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Leeds bans advert for ‘women only’ march that excludes trans people

Vic Parsons August 22, 2019

Pride in London on July 6, 2019. (NIKLAS HALLE'N/AFP/Getty Images)

Leeds City Council has banned an advert for a “women only” Lesbian Strength march that explicitly excludes transgender people.

The advert was removed from a council-run publication because of “the exclusive nature of the event”, Leeds Live reports.

The Lesbian Strength march is due to be held in Leeds on September 7 to “celebrate all lesbians” and protest “lesbian erasure”.

The group had taken out an advert for the march in Leeds Inspired, the Leeds City Council’s events and culture listings platform, but it was removed after Lesbian Strength said that trans women would not be welcome.

An email sent by Leeds council to the Lesbian Strength organisers said: “It has been decided that due to the exclusive nature of the event and the council’s public sector equality duty to foster good relations between those who share a relevant characteristic and those who don’t it is not appropriate for the event to be promoted by Leeds City Council on the Leeds Inspired website.”

Lesbian Strength have complained about the removal of the advert, telling Leeds council the event is “the only one of its type that does not include trans women” and they are “entitled to make the march lesbian-only” under Equality Act 2010.

A spokesperson for the council told PinkNews: “Leeds City Council continue to engage with the organisers of this event.

“We have a complaints procedure which people and organisations can use if they are unhappy about a decision we have made, and while a complaint is being processed we would not want to provide a commentary on it.”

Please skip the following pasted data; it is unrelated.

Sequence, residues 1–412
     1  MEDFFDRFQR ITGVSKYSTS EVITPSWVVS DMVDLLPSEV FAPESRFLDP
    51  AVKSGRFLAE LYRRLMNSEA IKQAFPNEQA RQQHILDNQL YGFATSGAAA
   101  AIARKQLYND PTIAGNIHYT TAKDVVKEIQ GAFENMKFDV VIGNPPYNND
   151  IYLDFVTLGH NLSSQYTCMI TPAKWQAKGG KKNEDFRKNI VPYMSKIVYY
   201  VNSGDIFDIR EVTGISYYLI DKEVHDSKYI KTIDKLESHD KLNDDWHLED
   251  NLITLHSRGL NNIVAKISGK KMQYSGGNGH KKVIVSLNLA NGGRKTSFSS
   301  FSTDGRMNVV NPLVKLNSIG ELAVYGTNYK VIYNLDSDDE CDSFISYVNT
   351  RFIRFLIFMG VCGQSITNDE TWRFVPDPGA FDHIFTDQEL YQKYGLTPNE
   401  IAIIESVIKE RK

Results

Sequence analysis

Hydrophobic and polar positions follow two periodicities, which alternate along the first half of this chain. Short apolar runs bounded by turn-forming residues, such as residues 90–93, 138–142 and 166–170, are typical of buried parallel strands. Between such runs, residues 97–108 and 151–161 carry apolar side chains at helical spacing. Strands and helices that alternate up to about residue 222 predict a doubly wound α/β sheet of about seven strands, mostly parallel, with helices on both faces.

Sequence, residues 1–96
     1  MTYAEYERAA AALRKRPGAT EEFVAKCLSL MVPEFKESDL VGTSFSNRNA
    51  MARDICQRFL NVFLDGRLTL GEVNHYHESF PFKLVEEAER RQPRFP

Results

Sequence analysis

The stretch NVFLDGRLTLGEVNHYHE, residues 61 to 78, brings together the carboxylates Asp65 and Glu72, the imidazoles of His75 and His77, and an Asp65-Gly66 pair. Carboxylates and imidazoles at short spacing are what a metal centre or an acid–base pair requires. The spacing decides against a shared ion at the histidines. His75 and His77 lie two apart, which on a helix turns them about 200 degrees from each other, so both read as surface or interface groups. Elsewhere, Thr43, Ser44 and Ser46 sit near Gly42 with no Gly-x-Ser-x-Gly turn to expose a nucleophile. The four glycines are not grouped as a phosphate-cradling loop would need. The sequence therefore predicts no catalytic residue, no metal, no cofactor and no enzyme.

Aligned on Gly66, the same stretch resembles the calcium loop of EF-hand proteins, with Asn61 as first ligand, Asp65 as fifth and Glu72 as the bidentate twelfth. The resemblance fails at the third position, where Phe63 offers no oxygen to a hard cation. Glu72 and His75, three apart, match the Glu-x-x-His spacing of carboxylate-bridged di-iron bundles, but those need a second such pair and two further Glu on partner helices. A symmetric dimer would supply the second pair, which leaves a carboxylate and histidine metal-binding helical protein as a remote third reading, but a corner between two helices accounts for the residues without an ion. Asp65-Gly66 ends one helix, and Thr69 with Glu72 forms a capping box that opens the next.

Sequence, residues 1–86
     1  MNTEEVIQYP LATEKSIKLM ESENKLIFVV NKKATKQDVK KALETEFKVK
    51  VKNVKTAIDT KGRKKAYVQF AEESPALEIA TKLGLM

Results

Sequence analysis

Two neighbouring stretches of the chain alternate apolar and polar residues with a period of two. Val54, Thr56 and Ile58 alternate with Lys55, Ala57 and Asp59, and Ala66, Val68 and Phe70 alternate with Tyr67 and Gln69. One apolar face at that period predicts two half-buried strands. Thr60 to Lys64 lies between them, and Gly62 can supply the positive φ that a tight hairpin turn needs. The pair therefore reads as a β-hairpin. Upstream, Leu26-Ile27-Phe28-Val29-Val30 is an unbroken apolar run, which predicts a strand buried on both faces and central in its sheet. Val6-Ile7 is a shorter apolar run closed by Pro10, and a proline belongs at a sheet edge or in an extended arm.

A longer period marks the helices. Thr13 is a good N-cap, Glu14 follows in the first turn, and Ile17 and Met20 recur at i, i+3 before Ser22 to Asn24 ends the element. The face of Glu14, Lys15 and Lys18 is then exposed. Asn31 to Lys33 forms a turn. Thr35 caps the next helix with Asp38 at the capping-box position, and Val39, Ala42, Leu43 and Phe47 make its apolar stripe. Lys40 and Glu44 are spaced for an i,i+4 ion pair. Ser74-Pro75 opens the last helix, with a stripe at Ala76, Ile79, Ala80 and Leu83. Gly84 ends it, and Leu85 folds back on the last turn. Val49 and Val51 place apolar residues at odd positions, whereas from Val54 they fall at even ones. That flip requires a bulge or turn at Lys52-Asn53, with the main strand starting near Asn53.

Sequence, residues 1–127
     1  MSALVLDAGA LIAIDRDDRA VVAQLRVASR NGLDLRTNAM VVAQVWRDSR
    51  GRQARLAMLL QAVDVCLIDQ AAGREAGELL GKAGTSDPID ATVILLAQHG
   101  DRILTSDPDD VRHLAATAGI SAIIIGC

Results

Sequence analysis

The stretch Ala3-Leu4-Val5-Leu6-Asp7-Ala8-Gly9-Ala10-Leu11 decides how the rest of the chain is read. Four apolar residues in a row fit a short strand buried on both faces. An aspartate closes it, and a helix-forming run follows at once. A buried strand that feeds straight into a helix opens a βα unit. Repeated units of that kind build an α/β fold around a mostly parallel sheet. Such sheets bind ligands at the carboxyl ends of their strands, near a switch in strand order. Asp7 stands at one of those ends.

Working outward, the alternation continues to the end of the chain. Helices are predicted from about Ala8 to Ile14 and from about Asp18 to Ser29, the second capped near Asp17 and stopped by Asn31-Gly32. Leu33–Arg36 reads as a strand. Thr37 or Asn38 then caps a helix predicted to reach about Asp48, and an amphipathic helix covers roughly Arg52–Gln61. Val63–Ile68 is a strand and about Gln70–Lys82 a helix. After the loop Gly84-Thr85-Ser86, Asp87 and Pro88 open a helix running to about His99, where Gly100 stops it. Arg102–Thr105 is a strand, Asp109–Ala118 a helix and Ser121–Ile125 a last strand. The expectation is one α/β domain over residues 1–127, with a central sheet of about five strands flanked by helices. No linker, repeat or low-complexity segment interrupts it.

A spokesperson for Lesbian Strength told Leeds Live: “We organised the march because we feel excluded and even unsafe at the many Pride events.”

“This is why we want it just for female homosexuals, so that we have something and somewhere to go.”

Trans-exclusionary lesbian groups.

Some feminists narrow down the definition of a woman to their birth sex – calling themselves “adult human females” or lesbians “female homosexuals”.

This can negate trans individuals’ legitimacy in their self-identification and, specifically, deny trans women access to women-only spaces.

Among some of the arguments expressed, there is belief that trans women can never be fully considered women because of the male privilege experienced from birth – an argument that actress Laverne Cox elegantly put to bed in 2017 – and that they represent a threat to cisgender women because of the male genitalia with which they were born.

More: Leeds, lesbian strength

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